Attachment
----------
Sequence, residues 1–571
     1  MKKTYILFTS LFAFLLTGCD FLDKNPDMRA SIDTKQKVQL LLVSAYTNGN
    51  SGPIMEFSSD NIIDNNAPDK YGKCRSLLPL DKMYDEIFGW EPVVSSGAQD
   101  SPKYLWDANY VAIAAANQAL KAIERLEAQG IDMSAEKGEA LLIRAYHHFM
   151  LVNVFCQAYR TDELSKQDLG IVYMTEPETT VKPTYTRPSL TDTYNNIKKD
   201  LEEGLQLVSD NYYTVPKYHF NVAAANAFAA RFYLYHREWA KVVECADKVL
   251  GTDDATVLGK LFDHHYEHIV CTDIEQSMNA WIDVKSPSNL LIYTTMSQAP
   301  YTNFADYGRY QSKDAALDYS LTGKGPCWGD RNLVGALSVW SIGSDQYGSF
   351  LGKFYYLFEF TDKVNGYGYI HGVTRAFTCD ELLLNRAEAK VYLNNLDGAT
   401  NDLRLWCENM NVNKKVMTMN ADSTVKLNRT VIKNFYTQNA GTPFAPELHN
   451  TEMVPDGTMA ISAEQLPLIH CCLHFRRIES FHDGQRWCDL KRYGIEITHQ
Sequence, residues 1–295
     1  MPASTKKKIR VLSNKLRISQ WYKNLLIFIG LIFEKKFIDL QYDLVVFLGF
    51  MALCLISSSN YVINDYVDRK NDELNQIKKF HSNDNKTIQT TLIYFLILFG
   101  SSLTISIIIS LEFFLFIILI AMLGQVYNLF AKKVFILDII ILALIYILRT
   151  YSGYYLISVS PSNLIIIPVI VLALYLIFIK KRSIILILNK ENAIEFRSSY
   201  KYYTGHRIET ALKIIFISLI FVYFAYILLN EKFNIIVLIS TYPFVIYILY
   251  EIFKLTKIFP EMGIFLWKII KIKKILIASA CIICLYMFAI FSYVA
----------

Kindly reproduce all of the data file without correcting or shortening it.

Sequence, residues 1–571
     1  MKKTYILFTS LFAFLLTGCD FLDKNPDMRA SIDTKQKVQL LLVSAYTNGN
    51  SGPIMEFSSD NIIDNNAPDK YGKCRSLLPL DKMYDEIFGW EPVVSSGAQD
   101  SPKYLWDANY VAIAAANQAL KAIERLEAQG IDMSAEKGEA LLIRAYHHFM
   151  LVNVFCQAYR TDELSKQDLG IVYMTEPETT VKPTYTRPSL TDTYNNIKKD
   201  LEEGLQLVSD NYYTVPKYHF NVAAANAFAA RFYLYHREWA KVVECADKVL
   251  GTDDATVLGK LFDHHYEHIV CTDIEQSMNA WIDVKSPSNL LIYTTMSQAP
   301  YTNFADYGRY QSKDAALDYS LTGKGPCWGD RNLVGALSVW SIGSDQYGSF
   351  LGKFYYLFEF TDKVNGYGYI HGVTRAFTCD ELLLNRAEAK VYLNNLDGAT
   401  NDLRLWCENM NVNKKVMTMN ADSTVKLNRT VIKNFYTQNA GTPFAPELHN
   451  TEMVPDGTMA ISAEQLPLIH CCLHFRRIES FHDGQRWCDL KRYGIEITHQ
Sequence, residues 1–295
     1  MPASTKKKIR VLSNKLRISQ WYKNLLIFIG LIFEKKFIDL QYDLVVFLGF
    51  MALCLISSSN YVINDYVDRK NDELNQIKKF HSNDNKTIQT TLIYFLILFG
   101  SSLTISIIIS LEFFLFIILI AMLGQVYNLF AKKVFILDII ILALIYILRT
   151  YSGYYLISVS PSNLIIIPVI VLALYLIFIK KRSIILILNK ENAIEFRSSY
   201  KYYTGHRIET ALKIIFISLI FVYFAYILLN EKFNIIVLIS TYPFVIYILY
   251  EIFKLTKIFP EMGIFLWKII KIKKILIASA CIICLYMFAI FSYVA